The Association of College & Research Libraries proclaims that "information literacy forms the basis of lifelong learning." This conference explores the extent and the ways that information literacy programs and instruction librarians in academic libraries are developing lifelong learners. We are especially interested in presentations which focus on the following questions:
1. To what extent is information literacy instruction contributing to lifelong learning rather rather than developing a student's skills to complete particular class assignments?
2. What techniques are librarians using within the course of information literacy instruction to contribute to lifelong learning? (Again, when we say "lifelong learning" we mean promoting the concept that information literacy is not a school task but a lifetime habit of mind).
3. To what degree can lifelong learning be assessed? How can this be done? Why is it an important task?
4. To what extent does the structure of library instruction (one-shot classes) hinder rather than aid the goal of developing lifelong learning? In effect, how much can you contribute to "forming the basis of lifelong learning" in a one hour class?
5. What new or emerging technologies are people using to make library instruction relevant to different age groups? To illustrate, are libraries using digital games and/or podcasts when developing instruction assignments for younger students?
6. Can anyone share examples of partnerships between high school/public librarians and academic librarians that help students acquire the information literacy skills that they will need to succeed at college and university libraries?
7. As the number of senior citizens enrolling in higher and continuing eduction increases, so do the challenges and opportunities for academic librarians providing these returning students with information literacy skills. What combination of support, resources, and techniques are required to provide excellent instruction to seniors? What unique problems do they experience in the classroom? What unique contributions do they bring to the classroom?
8. With rapid technology, knowledge, and skill tranformations occurring in the workforce, workers need constant retraining to remain productive and competitive. With regard to information literacy, how have academiclibraries been responsive to the needs of workers in their communities?
9. What information literacy programs have established competencies for learning throughout a student's educational career? What are the necessary skills for the various levels of undergraduate, graduate, and
10. What attempts or programs have academic libraries used to provide information literacy instruction to community users (those not affiliated with their college or university)?
11. When children 4-6 were asked in a survey, "Which do you like better, TV or your daddy?, 54 percent said "TV." Watching TV is the dominant leisure activity of Americans, consuming 40 percent of the average person's free time as a primary activity. In the average American household, the television set is on for over seven hours a day. In effect, TV is the primary information source for most Americans. Yet, much of information literacy revolves around text (whether electronic or print). To what extent have information literacy programs taught media lieteracy - provided students with the skills to analyze the information found in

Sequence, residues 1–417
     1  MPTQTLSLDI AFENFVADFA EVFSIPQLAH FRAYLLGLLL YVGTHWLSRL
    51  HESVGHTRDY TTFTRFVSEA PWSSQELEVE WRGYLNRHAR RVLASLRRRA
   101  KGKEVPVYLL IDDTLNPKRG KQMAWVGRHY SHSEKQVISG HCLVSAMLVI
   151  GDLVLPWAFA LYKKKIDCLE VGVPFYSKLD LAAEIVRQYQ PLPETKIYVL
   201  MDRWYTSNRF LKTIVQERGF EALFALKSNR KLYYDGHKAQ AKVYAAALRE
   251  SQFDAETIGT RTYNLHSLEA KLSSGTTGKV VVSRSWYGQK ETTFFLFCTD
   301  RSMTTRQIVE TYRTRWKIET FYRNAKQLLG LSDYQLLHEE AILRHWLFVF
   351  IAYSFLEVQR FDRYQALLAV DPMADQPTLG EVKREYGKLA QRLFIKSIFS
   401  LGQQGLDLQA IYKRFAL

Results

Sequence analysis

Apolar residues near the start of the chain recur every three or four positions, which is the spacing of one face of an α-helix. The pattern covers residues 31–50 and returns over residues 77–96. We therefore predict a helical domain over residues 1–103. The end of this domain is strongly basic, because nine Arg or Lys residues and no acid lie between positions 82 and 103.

films, radio, television photography and other non-text media?
12. Numerous educators and psychologists have argued that people think in a variety of ways. The theory of multiple intelligences encourages us to consider linguistic, logical-mathematical, musical, spatial,
bodily-kinisthetic, and naturalist intelligences to name a few. Yet, the kind of instruction and learning that takes place in most American schools is dominated by expressions and measurment of linguistic and
logical-mathematical skills and intelligences. To what degree have academic librarians attempted to incorporate multiple intelligences in the design, delivery, and measurement of their information literacy programs?
13. As a foundation for lifelong learning, information literacy is a general skill, widely applicable in multiple settings. What is the role of disciplinary information literacy skills and competencies relative to
lifelong learning? What is the role of expertise in a specific area relative to information literacy?
14. What is the impact and role of credit courses in developing lifelong learning skills?
15. In the past, collective and community-based educational practices of indigenous populations that supported lifelong learning among their members were supplanted by colonial educational structures. The
educational community is slowly acknowledging the damage caused by ignoring the learning processes of diverse cultures and programs are growing that support indigenous modes of education. How have academic libraries addressed the issue of indigenous knowing and learning as it relates to information literacy?
By exploring these and related questions, we hope to better understand how academic librarians are contributing to the development of lifelong learners.